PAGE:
Sunday, December 16, 2012

Shurmur's slippery slope slipperier

If there was even a scintilla of doubt left remaining as to the job status of Pat Shurmur as head coach of the Cleveland Browns, please be advised the Browns will have a new head coach next season.

The tattered remains of his job were left on the turf at Cleveland Browns Stadium Sunday disguised as a 38-21 victory for the Washington Redskins, who were led by a rookie quarterback.

And no, that quarterback was not Robert Griffin III, who watched the proceedings unfolding in his warmup gear while fellow rookie Kirk Cousins made Cleveland quarterback Brandon Weeden seem like a rank amateur by comparison.

One can only imagine how bad the outcome would have been had the spectacular Griffin’s health allowed him to play. As it was, the Browns could not keep up with the Redskins’ speed and quickness.

The victory was so ridiculously easy, it slapped some tarnish on the reputation of Browns defensive coordinator Dick Jauron, who has been given large doses of credit for improving the club’s defense the last two seasons.

Sunday, though, the Cleveland defense, after a quick start, looked much more like the defenses of the last dozen or so seasons. After the first four drives, the Redskins compiled three three-and-outs, threw an interception that led to the Browns’ first touchdown and totaled seven yards of offense. Never got beyond their 25.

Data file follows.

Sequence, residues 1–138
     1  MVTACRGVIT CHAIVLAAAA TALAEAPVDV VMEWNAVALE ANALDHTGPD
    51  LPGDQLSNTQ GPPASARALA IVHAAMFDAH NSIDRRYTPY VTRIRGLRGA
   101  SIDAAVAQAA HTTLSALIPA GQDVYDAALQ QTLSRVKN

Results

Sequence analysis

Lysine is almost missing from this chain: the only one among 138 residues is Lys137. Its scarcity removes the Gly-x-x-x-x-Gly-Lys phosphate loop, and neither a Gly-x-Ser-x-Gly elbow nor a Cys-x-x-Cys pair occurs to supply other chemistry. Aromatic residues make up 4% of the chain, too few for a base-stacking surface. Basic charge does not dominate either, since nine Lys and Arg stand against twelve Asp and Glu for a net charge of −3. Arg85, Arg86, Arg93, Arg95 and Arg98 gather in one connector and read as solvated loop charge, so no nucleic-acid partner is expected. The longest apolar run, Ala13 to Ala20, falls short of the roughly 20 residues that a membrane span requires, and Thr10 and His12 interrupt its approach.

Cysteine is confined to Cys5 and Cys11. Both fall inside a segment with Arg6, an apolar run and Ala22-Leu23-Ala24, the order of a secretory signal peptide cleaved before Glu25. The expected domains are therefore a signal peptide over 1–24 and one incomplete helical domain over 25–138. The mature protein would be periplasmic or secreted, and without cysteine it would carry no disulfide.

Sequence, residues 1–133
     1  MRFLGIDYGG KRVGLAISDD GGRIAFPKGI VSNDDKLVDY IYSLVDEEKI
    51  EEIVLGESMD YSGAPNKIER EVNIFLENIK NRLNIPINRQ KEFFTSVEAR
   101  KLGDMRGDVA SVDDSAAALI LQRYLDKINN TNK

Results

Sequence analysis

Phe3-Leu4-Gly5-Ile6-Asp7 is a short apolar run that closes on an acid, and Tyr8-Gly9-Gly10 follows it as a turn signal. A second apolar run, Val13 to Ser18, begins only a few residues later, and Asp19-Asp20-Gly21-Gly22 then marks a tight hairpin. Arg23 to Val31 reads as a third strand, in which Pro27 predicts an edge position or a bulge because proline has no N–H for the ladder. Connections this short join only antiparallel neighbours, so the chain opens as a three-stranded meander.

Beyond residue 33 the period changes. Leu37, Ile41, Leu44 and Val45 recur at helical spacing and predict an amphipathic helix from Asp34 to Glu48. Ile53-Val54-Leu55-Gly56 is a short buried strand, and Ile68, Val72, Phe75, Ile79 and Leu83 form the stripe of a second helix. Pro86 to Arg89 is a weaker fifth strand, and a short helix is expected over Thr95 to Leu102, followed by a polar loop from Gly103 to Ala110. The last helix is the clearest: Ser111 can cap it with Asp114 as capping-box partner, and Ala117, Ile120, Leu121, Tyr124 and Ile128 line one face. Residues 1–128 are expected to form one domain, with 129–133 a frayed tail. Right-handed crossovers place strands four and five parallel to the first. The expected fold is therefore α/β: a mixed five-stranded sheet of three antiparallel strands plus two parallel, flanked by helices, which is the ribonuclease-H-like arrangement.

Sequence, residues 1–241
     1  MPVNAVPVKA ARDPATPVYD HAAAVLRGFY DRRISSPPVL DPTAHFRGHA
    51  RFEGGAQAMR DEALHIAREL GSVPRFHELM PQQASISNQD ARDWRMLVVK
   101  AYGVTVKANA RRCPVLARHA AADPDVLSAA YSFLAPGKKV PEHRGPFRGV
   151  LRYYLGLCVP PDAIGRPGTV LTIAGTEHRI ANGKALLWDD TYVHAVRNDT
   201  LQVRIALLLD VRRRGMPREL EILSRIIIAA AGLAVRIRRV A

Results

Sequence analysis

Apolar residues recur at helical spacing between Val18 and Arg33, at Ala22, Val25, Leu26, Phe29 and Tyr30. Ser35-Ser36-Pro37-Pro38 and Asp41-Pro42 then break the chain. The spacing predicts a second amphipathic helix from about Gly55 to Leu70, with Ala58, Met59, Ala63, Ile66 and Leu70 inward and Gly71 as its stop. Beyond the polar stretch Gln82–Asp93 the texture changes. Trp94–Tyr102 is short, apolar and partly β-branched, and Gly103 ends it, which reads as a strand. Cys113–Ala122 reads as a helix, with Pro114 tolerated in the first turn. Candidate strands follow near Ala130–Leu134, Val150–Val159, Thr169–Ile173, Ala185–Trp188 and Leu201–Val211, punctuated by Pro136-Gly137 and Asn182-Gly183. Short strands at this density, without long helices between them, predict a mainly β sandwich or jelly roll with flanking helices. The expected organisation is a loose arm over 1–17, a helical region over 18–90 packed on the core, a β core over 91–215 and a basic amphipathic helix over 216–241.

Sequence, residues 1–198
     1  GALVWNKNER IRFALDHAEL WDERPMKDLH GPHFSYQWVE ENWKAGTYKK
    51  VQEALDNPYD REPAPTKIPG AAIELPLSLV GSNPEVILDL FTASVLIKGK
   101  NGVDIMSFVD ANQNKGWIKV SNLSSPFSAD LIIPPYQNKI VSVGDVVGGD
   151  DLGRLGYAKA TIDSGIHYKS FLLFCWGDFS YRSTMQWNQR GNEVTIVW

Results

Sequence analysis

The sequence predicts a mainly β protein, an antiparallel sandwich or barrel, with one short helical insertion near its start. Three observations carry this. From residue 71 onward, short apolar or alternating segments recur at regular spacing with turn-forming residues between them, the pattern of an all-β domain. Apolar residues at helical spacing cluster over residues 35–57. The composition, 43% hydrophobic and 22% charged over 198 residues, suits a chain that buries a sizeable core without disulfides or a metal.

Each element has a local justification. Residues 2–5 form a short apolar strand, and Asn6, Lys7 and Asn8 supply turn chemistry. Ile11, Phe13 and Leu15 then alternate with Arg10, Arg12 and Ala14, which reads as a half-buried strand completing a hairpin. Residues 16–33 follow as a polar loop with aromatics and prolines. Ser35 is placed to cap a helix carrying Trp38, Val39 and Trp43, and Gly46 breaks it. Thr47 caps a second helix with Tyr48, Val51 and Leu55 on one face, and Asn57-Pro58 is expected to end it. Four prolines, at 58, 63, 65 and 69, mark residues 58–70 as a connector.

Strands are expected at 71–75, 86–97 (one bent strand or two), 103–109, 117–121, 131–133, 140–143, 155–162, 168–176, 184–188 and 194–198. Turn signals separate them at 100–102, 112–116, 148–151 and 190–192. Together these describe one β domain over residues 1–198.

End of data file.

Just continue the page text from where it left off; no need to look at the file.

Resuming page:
And then the National Football League said the Skins had to play the rest of the game. Well, OK, they said, if we must.

Bad news for the Browns. Only they didn’t know it at the time.

A 54-yard Cousins scoring connection with Leonard Hankerson got the Skins off the schneid on the first play of the fifth drive, beating the triple coverage of Sheldon Brown and safeties T. J. Ward and Usama Young.

The Browns’ offense, which sputtered all afternoon thanks mostly to the inconsistency of Weeden, produced a 14-10 halftime lead on the first of Trent Richardson’s two short touchdown runs culminating a 75-yard drive.

And then the NFL said the two teams had to play the second half. More bad news for the Browns.

The Redskins, who owned the ball for more than 36 minutes, converted five second-half drives into four touchdowns on a seemingly helpless Cleveland defense.

The Skins gave Cousins some vanilla offense with which to work in the first half, then realized the Browns couldn’t keep up with his speed and quickness and ran off a bunch of misdirection plays. And the Browns bit on just about every one.

Time and again, when he wasn’t handing off to fellow rookie Alfred Morris, Cousins rolled out away from the flow and either hit his receivers with unerring accuracy or tucked the ball and outran Cleveland defenders.

While the Washington coaches made the necessary changes in strategy, the Cleveland coaches came out in the second half with pretty much the same game plan with which they began the game.

Cousins never was bothered in the second half, even when he remained in the pocket. The Cleveland pass rush was non-existent. That’s why he was 26 of 37 for 329 and two touchdowns in his first professional start.